Learning in school and at home

I have been incredibly proud of both students and staff from day one of this pandemic. Their commitment and attitude has been something else and hasn’t waned at all. Adults and students alike are making the most of their opportunities in school and at home, but I freely admit that the overall experience has been affected by the current surge in cases. We have been particularly blessed over the whole year with remarkable levels of staff attendance, but even that has changed recently. More colleagues than ever are contracting covid, many more on top are isolating with their own children or looking after their own infants who have been sent home from school or nursery. One day three weeks ago we only had to cover one single lesson…on Monday this week we covered 40. That’s a huge amount, putting an increased burden on staff in school and a great deal of stress on those at home trying to set work and deliver live lessons while juggling their own family needs. I am therefore aware that there will have been some gaps in remote learning at times, but I remain confident that we are giving isolating students a very strong offer despite these challenges.

September testing

It was confirmed earlier this week that we will be asked to conduct two lateral flow tests per student at the start of term in September (assuming we have consent from parents/carers). We’re working on a plan for this now, but the essence of it is that we aim to complete this testing with no/minimal disruption to lessons and learning. That will mean some testing in the final week of August for all those who can come in, and those who can won’t have to miss a single minute of lessons when term starts. More to follow of course.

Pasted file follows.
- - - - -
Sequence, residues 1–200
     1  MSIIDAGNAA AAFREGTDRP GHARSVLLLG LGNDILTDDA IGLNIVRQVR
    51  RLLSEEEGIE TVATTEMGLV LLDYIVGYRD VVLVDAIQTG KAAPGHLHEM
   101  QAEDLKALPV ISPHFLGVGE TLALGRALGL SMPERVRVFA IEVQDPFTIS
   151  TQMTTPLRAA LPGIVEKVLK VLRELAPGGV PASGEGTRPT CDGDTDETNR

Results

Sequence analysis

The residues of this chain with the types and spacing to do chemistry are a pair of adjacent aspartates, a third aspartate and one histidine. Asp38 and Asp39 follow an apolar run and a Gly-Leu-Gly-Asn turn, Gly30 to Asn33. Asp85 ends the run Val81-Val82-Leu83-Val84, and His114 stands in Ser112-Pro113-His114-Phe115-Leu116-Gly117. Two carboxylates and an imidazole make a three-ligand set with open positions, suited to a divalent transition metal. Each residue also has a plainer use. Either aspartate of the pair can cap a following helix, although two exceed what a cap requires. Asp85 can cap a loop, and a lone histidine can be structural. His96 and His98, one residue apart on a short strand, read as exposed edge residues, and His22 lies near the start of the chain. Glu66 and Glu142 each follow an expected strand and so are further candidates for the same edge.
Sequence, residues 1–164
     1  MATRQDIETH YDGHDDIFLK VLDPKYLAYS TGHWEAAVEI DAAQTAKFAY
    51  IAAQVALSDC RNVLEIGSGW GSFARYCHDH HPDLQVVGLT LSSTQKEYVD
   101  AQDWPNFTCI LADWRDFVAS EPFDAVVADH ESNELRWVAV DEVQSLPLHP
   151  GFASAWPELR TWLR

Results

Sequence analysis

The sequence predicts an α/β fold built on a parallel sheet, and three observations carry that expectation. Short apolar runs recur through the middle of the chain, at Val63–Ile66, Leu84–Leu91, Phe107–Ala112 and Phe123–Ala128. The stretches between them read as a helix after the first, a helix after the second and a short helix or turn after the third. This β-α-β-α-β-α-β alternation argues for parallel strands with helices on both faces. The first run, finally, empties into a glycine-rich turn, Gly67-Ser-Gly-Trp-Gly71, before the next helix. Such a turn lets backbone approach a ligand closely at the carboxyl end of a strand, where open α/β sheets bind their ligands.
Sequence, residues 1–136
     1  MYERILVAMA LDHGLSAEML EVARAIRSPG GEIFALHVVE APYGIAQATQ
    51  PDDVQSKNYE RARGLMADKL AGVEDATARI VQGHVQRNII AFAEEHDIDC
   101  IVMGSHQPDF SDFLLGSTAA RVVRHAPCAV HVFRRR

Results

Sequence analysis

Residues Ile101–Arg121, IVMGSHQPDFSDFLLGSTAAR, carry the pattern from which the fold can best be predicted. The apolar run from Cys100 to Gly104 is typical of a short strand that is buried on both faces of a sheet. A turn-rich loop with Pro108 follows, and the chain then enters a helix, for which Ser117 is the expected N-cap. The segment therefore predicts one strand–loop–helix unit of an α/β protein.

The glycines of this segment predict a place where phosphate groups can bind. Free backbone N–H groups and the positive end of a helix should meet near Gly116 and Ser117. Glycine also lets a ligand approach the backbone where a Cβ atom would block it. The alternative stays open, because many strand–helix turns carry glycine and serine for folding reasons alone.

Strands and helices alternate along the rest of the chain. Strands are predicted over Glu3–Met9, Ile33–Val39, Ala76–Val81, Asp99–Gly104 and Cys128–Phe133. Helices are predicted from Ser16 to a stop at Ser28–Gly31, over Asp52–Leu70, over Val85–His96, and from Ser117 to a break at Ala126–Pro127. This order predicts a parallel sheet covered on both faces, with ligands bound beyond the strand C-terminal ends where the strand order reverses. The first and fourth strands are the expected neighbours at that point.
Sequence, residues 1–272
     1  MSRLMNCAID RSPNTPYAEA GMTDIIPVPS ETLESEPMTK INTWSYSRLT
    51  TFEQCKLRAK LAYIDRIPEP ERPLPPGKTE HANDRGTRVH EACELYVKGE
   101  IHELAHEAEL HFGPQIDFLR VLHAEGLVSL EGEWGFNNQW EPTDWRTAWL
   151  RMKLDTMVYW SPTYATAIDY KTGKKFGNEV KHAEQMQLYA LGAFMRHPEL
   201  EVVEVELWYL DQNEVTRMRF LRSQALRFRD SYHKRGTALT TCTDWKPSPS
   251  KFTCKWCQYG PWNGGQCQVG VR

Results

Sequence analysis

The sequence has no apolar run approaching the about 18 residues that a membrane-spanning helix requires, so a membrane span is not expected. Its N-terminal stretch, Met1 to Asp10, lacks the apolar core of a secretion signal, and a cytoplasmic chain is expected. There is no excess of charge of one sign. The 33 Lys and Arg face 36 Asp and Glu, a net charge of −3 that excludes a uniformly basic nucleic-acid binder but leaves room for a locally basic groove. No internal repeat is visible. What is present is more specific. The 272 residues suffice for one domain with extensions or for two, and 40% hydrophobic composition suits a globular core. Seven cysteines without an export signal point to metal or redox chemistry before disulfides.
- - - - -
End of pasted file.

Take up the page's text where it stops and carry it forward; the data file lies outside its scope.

The new school year

And here we get to the ‘dawn’. As it stands in September we can look forward to a pretty normal school term. No masks, no whole school one-way system, no hand sanitiser, no contact tracing etc. What that means is that if a student or staff member tests positive for covid then they will isolate as an individual, but no-one else will need to. I’m aware that this may cause anxiety to some people and I’m sensitive to that, but from an educationalist’s point of view it is a game changer. The 200+ students currently isolating at our school would drop to 6…a reduction of 97%. To be honest I’m grumpy that we can’t have the new rules right now. After all, the nation is experimenting with full houses at Wimbledon and Wembley…could we not have brought the new school ‘no contact tracing’ rules forwards just a couple of school weeks?

But, that’s a passing frustrating and the overriding view is one of hope and optimism. I’ve been honoured to lead our school through Covid and we’ve all collectively done a great job, but I want to get back to leading our school as it ought to be, covid free.


Joe Barker

Ps It’s definitely coming home…
PPs No, Mr Southern and Mr Angove, I am not closing the school on Monday just in case.

Our New Student Leaders

We are pleased to introduce you to our new student leaders for the 2021/22 academic year. They are:

MHS Update 2-7-2021

Welcoming the incoming Year 7s

As usual I’m writing this blog on a Thursday evening before it goes out on Friday morning. Sometimes I start the blog earlier in the week, adding to it as I go along. Not this time though, as the content of the blog was entirely dependent on whether today’s Year 6 into 7 transition day went ahead.